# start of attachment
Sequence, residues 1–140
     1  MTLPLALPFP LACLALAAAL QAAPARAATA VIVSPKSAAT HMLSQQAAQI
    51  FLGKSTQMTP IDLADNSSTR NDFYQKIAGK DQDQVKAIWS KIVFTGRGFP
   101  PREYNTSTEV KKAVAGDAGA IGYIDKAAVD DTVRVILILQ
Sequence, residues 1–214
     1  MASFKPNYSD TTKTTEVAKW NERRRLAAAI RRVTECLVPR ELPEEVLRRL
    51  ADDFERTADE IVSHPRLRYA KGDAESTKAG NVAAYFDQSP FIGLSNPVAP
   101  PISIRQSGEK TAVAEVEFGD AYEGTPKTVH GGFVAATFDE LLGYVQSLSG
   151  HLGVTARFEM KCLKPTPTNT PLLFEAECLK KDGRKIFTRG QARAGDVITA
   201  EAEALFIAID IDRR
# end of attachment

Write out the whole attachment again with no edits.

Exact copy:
Sequence, residues 1–140
     1  MTLPLALPFP LACLALAAAL QAAPARAATA VIVSPKSAAT HMLSQQAAQI
    51  FLGKSTQMTP IDLADNSSTR NDFYQKIAGK DQDQVKAIWS KIVFTGRGFP
   101  PREYNTSTEV KKAVAGDAGA IGYIDKAAVD DTVRVILILQ
Sequence, residues 1–214
     1  MASFKPNYSD TTKTTEVAKW NERRRLAAAI RRVTECLVPR ELPEEVLRRL
    51  ADDFERTADE IVSHPRLRYA KGDAESTKAG NVAAYFDQSP FIGLSNPVAP
   101  PISIRQSGEK TAVAEVEFGD AYEGTPKTVH GGFVAATFDE LLGYVQSLSG
   151  HLGVTARFEM KCLKPTPTNT PLLFEAECLK KDGRKIFTRG QARAGDVITA
   201  EAEALFIAID IDRR